California Attorney General George Deukmejian filed suit today against a wide array of Los Angeles public officials, charging that it is "cruel and unusual punishment" to send children to the city's schools.

The suit, filed in Los Angeles Superior Court, appeared certain to exacerbate this city's tensions. Two years ago, Superior Court Judge Paul Egly ordered the Los Angeles Board of Education to begin mandatory school busing in September in the huge 540,000-pupil district.

"Children are now being compelled to attend schoools where conditions exist which adults would never tolerate in their places of work," Deukmejian said in a press conference in his Los Angeles office. "Adults speak and act for themselves. This lawsuit speaks and acts for children who cannot speak and act for themselves."

The 27-count action does not ask for an injunction, nor does it seek to compel the defendants to carry out any particular action.

It was filed against, among others, the board of trustees of the Los Angeles unified school district, the county board of supervisors, Los Angeles Mayor Tom Bradley, City Attorney Burt Pines, county District Attorney John Van de Kamp, as well as the chief of police, the head of the probation department, and the Los Angeles City Council.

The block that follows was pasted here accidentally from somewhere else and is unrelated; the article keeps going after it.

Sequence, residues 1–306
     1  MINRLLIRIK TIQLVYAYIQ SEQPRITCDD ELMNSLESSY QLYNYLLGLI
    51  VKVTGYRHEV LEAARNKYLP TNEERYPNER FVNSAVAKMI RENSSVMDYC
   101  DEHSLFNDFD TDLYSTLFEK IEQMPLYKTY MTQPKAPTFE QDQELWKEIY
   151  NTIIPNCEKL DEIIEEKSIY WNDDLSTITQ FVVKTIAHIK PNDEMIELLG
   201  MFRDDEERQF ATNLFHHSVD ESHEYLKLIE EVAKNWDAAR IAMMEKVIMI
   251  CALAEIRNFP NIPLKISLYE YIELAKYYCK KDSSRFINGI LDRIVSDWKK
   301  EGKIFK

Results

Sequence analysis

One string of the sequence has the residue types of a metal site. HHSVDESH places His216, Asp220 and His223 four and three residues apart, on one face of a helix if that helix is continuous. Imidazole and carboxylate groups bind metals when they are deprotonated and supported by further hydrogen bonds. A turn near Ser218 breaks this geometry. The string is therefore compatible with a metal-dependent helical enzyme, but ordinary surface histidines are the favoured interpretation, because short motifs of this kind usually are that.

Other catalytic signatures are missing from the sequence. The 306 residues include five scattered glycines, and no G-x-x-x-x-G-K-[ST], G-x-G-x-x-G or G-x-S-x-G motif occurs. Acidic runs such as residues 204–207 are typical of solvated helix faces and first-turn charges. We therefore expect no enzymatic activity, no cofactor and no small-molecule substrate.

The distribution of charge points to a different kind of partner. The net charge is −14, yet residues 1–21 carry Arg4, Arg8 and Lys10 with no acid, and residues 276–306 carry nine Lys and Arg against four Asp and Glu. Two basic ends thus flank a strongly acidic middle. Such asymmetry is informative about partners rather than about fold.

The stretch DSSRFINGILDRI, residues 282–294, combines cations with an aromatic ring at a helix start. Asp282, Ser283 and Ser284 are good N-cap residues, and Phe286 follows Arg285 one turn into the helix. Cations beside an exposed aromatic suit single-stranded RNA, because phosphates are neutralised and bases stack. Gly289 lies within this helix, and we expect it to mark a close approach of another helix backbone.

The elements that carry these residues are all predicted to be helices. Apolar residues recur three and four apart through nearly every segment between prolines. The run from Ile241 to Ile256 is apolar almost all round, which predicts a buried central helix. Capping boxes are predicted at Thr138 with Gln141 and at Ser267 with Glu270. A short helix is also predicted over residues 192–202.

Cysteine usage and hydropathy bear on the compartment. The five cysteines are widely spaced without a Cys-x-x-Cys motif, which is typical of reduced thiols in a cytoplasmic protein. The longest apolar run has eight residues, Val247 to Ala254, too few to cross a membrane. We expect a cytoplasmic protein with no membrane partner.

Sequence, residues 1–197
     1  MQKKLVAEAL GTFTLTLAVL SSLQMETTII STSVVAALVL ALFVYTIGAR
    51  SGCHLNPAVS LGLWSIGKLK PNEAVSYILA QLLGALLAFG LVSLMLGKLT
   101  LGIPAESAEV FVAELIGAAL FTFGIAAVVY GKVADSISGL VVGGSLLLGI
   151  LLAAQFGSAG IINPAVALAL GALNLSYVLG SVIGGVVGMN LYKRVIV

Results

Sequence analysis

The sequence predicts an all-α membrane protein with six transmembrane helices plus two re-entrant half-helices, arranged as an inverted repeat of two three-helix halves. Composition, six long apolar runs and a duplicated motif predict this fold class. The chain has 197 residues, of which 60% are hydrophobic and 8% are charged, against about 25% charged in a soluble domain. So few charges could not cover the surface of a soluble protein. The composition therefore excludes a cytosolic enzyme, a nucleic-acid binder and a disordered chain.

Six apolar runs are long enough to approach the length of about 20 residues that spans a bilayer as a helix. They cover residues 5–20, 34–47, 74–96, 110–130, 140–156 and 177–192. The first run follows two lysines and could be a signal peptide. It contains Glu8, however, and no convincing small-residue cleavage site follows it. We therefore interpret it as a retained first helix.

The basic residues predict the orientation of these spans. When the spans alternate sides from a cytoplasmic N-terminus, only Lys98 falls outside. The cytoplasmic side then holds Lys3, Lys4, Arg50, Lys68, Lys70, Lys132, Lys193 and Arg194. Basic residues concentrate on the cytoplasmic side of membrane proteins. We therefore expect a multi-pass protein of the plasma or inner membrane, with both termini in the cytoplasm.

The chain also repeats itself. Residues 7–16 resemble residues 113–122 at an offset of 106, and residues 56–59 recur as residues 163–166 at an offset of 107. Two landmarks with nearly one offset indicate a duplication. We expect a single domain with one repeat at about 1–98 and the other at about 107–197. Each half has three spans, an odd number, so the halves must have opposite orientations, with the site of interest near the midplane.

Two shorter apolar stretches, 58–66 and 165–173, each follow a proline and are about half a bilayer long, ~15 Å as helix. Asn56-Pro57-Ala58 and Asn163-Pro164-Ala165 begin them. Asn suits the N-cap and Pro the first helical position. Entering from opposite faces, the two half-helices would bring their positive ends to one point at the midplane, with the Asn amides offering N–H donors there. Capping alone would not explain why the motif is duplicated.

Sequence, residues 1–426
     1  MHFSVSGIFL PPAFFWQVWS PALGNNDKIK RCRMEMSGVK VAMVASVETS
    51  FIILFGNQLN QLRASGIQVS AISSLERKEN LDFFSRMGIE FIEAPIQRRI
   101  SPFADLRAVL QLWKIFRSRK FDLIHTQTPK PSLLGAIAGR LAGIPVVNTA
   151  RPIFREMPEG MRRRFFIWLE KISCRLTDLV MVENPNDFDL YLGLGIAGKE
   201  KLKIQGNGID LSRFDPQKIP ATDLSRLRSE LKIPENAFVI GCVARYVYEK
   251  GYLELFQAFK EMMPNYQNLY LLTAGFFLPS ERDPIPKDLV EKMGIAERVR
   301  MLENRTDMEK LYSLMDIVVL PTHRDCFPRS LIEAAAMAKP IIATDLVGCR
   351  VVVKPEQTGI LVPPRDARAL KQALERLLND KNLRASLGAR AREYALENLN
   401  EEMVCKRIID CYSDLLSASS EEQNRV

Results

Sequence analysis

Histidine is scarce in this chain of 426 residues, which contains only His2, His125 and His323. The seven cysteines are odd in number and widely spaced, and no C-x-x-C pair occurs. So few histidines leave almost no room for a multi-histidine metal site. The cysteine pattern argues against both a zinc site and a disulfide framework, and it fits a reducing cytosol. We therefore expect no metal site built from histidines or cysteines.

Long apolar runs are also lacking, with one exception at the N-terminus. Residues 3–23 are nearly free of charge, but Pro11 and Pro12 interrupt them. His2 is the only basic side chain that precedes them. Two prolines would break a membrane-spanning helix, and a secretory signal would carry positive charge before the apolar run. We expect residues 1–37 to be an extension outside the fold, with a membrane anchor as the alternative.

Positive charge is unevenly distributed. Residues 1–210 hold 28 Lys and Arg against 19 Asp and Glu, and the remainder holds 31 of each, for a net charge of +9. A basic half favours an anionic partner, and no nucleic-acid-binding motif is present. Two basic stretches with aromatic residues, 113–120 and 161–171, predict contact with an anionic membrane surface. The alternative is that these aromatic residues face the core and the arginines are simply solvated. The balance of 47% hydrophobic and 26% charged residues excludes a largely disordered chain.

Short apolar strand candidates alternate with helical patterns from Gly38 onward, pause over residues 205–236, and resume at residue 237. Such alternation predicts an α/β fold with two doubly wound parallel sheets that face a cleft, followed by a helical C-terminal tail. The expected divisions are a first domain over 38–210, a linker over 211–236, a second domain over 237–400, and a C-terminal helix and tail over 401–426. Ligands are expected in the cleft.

The suit, described as the first of its kind in the nation, is based on California law which says that certain classes of individuals have special rights. Thus, it can be construed as cruel and unusual to put criminals in a substandard penal system or mental patients in substandard hospitals.

Deukmejian says that because students are a class forced by society to be in a particular place, they are entitled to be protected from cruel and unusual conditions.

According to statistics contained in the suit, Los Angeles schools are problem-ridden.

In addition to racial tensions among blacks, Mexican-Americans and whites, the 1978-79 school year saw more than 17,000 students suspended for causing, attempting or threatening physical violence. More than 1,700 were suspended for possession or sale of firearms, knives or explosives.

The suit, a complaint for declaratory relief, puts major emphasis on coordinating school district actions with those of probation departments, saying "there is a special relationship" between them.

"To the extent the attorney general's lawsuit can help us, I'm all for it," said school board trustee Thomas Bartman.